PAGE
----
20. 20. 12 Section 1 — Chapter 1diamonds, all the more brightly because they are being displayed on thedark background of the first three chapters. A Question Do you, my dear reader, understand and see clearly your position before God as a sinner who needs God’s forgiveness and salvation? It does not matter how religious you are, or how hard you try to be good, and to make yourself right with God. The first step in anyone’s salvation is to see his great need of that salvation. Have you seen your need?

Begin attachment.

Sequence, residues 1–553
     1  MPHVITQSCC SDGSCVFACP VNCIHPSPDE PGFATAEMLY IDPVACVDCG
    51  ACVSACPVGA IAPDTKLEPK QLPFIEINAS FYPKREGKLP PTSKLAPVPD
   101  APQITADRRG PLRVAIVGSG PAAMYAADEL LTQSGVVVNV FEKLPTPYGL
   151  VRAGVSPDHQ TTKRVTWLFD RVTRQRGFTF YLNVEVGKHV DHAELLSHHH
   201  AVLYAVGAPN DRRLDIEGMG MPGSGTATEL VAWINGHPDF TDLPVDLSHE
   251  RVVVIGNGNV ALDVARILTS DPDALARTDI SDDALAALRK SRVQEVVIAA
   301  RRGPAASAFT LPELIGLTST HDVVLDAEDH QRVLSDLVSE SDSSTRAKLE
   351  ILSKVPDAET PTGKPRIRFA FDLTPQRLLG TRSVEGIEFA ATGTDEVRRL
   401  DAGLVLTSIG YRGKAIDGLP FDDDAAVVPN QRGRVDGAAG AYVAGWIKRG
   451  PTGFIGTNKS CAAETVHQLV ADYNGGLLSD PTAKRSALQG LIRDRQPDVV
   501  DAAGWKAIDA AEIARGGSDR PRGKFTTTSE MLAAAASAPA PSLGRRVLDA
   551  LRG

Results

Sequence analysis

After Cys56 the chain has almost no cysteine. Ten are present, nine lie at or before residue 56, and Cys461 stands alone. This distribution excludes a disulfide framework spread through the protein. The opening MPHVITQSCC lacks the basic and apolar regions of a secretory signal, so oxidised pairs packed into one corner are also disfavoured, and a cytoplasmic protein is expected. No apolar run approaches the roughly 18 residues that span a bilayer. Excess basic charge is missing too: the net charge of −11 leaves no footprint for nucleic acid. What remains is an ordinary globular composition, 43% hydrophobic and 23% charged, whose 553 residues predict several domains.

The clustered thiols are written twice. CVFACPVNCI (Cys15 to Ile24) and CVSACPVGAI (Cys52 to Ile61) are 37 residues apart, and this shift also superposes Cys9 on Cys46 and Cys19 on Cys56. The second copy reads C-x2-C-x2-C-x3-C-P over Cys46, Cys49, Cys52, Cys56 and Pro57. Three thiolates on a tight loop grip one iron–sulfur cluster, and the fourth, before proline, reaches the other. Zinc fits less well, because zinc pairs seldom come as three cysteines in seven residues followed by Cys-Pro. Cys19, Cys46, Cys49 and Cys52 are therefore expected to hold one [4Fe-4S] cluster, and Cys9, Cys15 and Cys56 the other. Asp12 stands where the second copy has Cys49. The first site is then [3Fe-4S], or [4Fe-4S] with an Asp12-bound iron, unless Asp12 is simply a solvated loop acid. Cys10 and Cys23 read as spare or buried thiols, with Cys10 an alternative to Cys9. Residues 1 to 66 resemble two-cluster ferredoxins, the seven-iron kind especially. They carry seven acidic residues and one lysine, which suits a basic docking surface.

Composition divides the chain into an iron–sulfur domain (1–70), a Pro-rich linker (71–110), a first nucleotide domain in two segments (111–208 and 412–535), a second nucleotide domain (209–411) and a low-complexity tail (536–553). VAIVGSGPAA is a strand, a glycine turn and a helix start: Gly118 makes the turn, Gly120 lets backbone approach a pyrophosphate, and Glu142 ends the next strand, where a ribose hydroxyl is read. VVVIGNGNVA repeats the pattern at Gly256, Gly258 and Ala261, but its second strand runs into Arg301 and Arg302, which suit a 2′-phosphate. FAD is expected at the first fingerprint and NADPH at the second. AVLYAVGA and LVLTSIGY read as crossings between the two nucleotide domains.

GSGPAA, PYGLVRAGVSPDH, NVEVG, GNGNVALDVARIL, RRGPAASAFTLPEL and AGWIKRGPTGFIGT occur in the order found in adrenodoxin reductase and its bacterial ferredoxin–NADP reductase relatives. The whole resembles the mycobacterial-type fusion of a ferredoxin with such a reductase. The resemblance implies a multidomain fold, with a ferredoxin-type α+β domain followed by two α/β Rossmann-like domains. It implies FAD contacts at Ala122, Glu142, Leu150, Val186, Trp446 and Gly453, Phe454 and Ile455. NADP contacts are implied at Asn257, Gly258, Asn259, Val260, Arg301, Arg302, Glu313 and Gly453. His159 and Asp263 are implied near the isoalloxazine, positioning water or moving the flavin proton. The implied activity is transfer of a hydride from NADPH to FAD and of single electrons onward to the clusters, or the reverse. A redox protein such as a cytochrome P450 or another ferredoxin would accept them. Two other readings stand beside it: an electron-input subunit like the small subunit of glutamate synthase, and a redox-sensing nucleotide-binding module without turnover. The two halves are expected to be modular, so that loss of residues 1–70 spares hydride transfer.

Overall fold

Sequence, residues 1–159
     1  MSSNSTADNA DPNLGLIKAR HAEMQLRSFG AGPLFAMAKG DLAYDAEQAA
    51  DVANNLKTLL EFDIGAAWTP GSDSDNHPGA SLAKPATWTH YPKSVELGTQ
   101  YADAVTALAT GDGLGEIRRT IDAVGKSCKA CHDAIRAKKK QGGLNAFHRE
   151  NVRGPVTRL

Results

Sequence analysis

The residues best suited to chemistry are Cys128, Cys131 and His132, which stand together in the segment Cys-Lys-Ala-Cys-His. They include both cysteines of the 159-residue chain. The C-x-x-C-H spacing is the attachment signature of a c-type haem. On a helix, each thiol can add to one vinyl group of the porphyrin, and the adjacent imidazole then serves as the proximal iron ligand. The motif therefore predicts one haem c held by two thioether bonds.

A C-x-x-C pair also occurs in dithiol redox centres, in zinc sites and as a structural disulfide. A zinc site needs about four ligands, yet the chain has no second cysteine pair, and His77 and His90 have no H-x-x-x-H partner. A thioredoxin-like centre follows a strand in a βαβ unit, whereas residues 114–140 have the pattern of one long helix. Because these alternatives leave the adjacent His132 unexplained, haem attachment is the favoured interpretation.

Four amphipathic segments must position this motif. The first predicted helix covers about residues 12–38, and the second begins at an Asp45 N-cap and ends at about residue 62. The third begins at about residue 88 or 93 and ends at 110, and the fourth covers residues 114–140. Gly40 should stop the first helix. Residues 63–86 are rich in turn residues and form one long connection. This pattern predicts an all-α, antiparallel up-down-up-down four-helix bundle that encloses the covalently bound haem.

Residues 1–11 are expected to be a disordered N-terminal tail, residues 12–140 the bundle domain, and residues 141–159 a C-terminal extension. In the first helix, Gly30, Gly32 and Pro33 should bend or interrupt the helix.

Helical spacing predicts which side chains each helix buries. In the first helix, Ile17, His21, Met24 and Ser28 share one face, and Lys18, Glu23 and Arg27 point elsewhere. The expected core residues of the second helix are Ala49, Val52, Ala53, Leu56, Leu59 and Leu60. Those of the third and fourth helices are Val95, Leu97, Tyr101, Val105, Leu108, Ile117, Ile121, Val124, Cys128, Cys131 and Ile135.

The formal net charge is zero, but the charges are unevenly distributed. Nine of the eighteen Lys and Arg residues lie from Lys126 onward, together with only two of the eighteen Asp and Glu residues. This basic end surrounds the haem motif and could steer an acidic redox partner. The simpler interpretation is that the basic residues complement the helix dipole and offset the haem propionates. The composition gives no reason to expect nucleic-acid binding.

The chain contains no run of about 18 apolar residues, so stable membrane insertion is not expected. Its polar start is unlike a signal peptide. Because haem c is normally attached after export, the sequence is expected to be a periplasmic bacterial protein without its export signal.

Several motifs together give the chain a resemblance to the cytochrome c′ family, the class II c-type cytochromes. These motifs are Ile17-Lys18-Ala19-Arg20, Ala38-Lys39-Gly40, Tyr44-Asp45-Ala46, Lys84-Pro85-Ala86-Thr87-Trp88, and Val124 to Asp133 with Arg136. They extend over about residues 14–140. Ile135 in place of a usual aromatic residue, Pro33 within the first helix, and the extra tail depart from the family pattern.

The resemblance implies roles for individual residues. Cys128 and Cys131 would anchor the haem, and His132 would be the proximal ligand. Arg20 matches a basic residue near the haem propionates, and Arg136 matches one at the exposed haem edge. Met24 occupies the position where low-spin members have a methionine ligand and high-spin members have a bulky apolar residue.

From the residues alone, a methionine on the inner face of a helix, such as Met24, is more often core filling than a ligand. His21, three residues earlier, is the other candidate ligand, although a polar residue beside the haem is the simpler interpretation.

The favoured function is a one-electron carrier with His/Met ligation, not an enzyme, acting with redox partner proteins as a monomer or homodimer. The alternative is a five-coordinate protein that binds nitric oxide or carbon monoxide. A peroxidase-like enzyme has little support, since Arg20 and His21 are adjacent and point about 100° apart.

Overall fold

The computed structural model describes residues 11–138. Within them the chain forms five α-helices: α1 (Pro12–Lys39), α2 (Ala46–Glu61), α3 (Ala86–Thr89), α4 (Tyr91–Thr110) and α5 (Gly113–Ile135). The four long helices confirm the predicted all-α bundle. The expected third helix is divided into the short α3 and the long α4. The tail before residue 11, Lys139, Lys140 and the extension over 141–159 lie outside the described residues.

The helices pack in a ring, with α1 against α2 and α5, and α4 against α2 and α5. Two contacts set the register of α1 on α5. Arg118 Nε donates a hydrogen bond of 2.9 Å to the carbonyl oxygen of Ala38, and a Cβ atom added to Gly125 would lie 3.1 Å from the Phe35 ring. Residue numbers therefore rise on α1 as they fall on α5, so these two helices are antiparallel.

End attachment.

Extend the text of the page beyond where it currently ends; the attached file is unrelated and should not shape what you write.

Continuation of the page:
21. 21. Saved by Faith Alone 13 Chapter 2: Good Works Cannot Save Human Errors about JustificationT here are many who realise, understand and are convicted about their sinfulness as outlined in the first three chapters of Romans.Some of them also have a desire to be justified. But how? Man’s main mistake is to think that he can justify himself by hisgood works, by his religious activities and ceremonies, by Bible reading,prayer and church attendance and by trying to keep God’s commands.This is an answer which is very acceptable to sinful man because itgives him the satisfaction of being able to “save himself”, and it giveshim therefore a reason for self-congratulation. But it is wrong andcompletely unbiblical. Paul’s Teaching in Romans Before Paul goes any further in his letter to the Romans he dealsbriefly but clearly with this mistake in chapter 3 verse 20 - the versewhich immediately follows his detailed outline of man’s need and guilt. Paul has concluded in the previous verse (chapter 3v19) that allthe world is guilty before God. All the world is therefore condemnedby God because of their sin; this is the language of the law court; thisis a legal problem which needs, first and foremost, a legal solution. Paul now states clearly in chapter 3 v20 that: “Therefore by the deeds of the law no flesh will be justified in His sight.” The phrase “deeds of the law” means “good works”. Both phrasesdescribe attempts to keep God’s commands and to gain His favour byengaging in religious activities and observances. But Paul emphasizesthat it is a grave mistake to think that deeds of the law, the good workswhich we do, and the religious acts we perform can justify or makeright. The primary function of the law is to show the unsaved howsinful they are—and not to save them. The New Testament over and over again makes it clear thatsalvation is not possible through the keeping of the law and throughgood works.